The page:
Today, I have the distinct pleasure of featuring author J.M. Holmes on this edition of A Perfect 10.
Please enjoy this special installment of A Perfect 10
If you want to check out past interviews, you can find them in the following links:
A.C. Flory, Steve Boseley, Kayla Matt, Mae Clair, Jill Sammut, Deanna Kahler, Dawn Reno Langley, John Howell, Elaine Cougler, Jan Sikes, Nancy Bell, Nick Davis, Kathleen Lopez, Susan Thatcher, Charles Yallowitz, Armand Rosamilia, Tracey Pagana, Anna Dobritt, Karen Oberlaender, Deby Fredericks, Teri Polen, Darlene Foster, Robert Rayner, C.C. Naughton, Sherry Rentshler, Linda Bradley, Luna St. Clair, Joan Hall, Staci Troilo, Allan Hudson, Robert Eggleton, Paul Scott Bates, P.C. Zick, Joy Lennick, Patrick Roland, Mary Carlomagno, Kathleen Jowitt, Michele Jones, J. Bliss, Maline Carroll, Alethea Kehas, Angelique Conger, Colin Guest, Rebekkah Ford, Andrew Joyce, Win Charles, Ritu Bhathal, Deborah Jay, Robin Leigh Morgan, Marjorie Mallon, Marina Costa, Lynda Filler, Lorinda Taylor, Aidan Reid, Lizzy Chantree
Does writing energize or exhaust you?
Writing energizes me when I’m working on a story with characters I enjoy spending time with, and a story I can see develop. When I hit a roadblock in the story, or when I’m editing, writing is a more exhausting exercise.
Do you ever write under a pseudonym? If not have you considered it? Why or why not?
I’m writing under my initials, J.M., in the mystery genre. I read an article some time ago about how women writers are still trying to catch up to male authors in certain genres, such as mystery/suspense. The article detailed one writer’s experiment with querying the same work, with her full name, then with her initials. The queries with just her initials got more attention than the ones with her full name. She suggested her initials didn’t indicate her gender, so the queries weren’t subjected to a gender bias. Also, if I add more genres to my repertoire, such as fantasy, I will write under a pseudonym.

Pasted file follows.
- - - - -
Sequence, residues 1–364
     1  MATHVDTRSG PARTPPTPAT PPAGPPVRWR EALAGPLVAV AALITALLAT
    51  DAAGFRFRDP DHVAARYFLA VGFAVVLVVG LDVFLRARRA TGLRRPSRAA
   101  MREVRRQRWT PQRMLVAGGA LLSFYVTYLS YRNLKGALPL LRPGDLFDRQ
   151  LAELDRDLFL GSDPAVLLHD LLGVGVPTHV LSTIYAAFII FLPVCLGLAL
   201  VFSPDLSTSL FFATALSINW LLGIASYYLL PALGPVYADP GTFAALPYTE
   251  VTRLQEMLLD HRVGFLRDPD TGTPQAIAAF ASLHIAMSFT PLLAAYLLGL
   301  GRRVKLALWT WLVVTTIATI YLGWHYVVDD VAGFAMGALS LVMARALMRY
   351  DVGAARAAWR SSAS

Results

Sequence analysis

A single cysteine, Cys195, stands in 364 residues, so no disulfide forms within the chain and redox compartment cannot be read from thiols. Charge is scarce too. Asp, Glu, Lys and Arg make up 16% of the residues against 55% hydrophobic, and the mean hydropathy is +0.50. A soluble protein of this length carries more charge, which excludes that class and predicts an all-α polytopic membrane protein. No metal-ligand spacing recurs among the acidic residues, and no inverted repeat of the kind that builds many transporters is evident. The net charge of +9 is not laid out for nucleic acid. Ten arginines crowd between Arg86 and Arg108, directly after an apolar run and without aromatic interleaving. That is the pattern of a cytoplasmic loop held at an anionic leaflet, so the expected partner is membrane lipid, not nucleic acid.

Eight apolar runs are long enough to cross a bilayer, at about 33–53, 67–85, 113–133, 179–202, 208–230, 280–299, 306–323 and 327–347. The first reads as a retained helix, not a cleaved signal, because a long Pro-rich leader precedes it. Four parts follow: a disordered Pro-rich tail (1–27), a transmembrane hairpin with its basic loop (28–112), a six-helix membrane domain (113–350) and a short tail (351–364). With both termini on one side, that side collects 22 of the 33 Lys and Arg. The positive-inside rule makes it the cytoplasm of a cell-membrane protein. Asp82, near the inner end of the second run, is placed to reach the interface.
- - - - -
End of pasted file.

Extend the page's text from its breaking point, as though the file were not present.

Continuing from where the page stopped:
Does a big ego help or hurt writers? Why or why not?
I think an ego can be beneficial for marketing, because marketing requires confidence—which ego fosters—in the product: the writer’s work. An oversized ego, though, can hamper the humble in a writer that encourages her to continue improving her craft.
What was the best money you ever spent as a writer?
The best investment I’ve made in my writing journey was a week-long writing retreat at the University of Wisconsin-Madison. I met five other wonderful authors and a superb writing teacher in my master novel writing class. We “clicked”; we’ve now been a writing group for five years now. My “writing sisters” have become more than just a writing group—we are great friends.
What does writing success look like to you? Have you achieved it?
To me, success in writing includes not only getting to the publishing goal line, but continuing to improve the craft. I think when people say “I love that” about your work, you are successful. I haven’t achieved it yet, but I’m getting closer, one step at a time.